The Return Of Faith No More

Old photo of a revitalized band.

It's been hard to fess up to Faith No More fandom the last couple of years.

First, guitar wiz Jim Martin took off after 1992's troubled Angel Dust,

followed by the too-close-for-comfort Commodores-covering 1993 Easy EP

and the acidic 1995 album King for a Day, Fool For a Lifetime, which

again asked fans to deal with a lot of ideas, some of them half-baked. And if

that wasn't enough, there was always singer Mike Patton's even more bizarre

side-project, Mr. Bungle, whose 1995 album Disco Volante and subsequent

masked tour, was close to the feeling of watching a car crash under slowly

strobing lights.

So, with the turmoil behind them, another new guitarist,

John Hudson, and a new CD, Album of the Year (June 3) that signals a

musical return to the land of fruit and honey (i.e. 1989's hit album The

Real Thing), Faith No More seem poised to climb back from the career abyss.

The only question is, are the same fans who dug the Red Hot sound of their big

hit, "Epic" (you remember, the one with the flopping fish video) still around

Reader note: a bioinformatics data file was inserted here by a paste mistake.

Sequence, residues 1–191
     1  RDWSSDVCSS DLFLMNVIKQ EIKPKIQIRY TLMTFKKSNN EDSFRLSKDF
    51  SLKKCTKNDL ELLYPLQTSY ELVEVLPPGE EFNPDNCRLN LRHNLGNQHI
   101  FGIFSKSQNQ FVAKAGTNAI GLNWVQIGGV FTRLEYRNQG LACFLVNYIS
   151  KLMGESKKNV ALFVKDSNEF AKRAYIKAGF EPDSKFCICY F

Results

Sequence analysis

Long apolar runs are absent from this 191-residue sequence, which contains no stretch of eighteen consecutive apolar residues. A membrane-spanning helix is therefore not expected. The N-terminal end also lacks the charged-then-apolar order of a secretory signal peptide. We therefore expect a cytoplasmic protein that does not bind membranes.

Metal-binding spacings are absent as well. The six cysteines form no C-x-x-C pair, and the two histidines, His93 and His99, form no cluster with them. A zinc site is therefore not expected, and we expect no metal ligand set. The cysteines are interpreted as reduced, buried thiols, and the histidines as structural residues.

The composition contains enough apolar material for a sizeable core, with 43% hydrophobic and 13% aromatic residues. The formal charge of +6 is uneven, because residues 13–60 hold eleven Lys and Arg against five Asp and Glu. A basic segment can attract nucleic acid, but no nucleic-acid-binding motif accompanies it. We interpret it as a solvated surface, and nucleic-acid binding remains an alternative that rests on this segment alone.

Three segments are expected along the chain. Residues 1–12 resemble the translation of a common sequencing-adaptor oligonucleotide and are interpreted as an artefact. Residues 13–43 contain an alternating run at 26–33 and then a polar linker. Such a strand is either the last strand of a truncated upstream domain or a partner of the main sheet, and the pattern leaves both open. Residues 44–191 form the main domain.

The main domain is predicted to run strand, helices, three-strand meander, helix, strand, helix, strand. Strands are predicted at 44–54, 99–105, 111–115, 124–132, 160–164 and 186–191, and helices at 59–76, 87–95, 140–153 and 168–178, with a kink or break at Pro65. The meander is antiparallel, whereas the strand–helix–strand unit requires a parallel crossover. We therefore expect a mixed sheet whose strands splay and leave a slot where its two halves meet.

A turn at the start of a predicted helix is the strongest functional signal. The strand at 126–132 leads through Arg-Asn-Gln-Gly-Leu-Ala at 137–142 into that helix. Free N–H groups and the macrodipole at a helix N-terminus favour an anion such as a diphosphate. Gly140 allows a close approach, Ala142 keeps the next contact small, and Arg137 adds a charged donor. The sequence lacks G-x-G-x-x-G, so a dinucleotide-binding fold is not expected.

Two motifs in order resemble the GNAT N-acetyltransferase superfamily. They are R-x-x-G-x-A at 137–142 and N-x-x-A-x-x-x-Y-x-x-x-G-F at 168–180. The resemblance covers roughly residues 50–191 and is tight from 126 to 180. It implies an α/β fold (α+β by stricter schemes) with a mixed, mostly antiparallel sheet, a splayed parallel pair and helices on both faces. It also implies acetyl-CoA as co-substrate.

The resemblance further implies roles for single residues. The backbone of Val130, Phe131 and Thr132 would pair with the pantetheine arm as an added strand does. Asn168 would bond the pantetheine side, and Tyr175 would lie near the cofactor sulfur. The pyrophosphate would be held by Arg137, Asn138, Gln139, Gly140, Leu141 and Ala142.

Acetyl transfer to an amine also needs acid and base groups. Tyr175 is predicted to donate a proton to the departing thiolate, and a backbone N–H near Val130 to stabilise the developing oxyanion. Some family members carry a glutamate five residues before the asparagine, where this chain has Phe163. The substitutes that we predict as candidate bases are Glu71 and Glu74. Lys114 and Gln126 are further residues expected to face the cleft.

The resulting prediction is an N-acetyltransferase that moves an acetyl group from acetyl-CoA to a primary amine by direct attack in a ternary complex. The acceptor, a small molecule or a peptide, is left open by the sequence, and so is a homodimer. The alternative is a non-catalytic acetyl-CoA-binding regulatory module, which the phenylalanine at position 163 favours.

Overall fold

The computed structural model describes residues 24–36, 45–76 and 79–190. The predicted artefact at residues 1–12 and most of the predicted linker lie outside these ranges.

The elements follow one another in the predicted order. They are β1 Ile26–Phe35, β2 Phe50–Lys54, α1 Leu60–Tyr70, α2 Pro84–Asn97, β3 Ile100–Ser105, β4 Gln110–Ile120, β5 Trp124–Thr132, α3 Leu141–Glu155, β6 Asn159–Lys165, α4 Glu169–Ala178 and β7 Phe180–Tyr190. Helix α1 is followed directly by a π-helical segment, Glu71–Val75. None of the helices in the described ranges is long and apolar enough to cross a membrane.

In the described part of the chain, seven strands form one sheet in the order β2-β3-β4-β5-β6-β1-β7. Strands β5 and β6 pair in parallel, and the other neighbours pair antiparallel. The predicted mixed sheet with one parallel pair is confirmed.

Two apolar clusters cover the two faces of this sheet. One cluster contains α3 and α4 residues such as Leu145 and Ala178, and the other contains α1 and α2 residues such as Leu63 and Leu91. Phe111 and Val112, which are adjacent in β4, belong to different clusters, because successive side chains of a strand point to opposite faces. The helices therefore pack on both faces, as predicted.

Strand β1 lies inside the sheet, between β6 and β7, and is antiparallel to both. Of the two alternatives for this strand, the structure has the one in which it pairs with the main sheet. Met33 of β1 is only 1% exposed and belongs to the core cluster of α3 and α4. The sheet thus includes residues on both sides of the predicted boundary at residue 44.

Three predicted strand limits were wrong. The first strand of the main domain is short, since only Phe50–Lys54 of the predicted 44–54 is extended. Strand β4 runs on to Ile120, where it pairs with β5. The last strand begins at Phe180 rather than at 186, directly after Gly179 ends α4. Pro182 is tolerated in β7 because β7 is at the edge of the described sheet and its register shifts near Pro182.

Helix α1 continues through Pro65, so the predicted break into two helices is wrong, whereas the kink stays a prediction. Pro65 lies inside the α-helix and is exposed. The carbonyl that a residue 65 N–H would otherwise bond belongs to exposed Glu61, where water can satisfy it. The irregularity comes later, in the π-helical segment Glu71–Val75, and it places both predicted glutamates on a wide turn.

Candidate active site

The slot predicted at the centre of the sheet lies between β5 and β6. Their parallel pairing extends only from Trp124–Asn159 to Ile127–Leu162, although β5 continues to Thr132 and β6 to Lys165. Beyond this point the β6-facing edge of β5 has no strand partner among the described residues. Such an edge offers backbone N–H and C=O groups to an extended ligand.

to care?

The good news is the hard-hitting 12-track album is packed with

the same funk and metal sound that made Patton the rival to Anthony Keidis'

long-haired alternaguy pin-up throne all those years ago and the band the

darlings of the burgeoning alternative set, if only for a minute. The opening

track, "Collision," features a mix of Roddy Bottum's gothic keyboards, Hudson's

arena-metal guitars and Patton's growling croon, all of which adds up to what

their bastard offspring Korn might sound like if they didn't take themselves so

seriously and listened to a few Parliament albums. "Last Cup of Sorrow" is more

of the punk funk that brought them to the top the first time and the 2-minute

blast of "Naked In Front of the Computer" is one of the hardest, most coherent

burst of riffs and attitude the band have summoned since before Martin's

departure.

Ironically, "Path of Glory" features a refrain that might be

familiar to a few Korn fans, ("I'm coming, I'm coming," etc.) , while "Mouth To

Mouth" is plain old bruising funk rock with guitars that sound like dull drill

bits. Throw in a bit of soulful balladry on "She Loves me Not," the herky-jerky

surf punk of "Got That Feeling" the gothic groan of "Pristina" and the

spiraling industrial rock of the hidden track "Light Up & Let Go" and you've

got nearly an hour's worth of angst and attitude that falls somewhere between

Queensryche and a more metallic Jane's Addiction.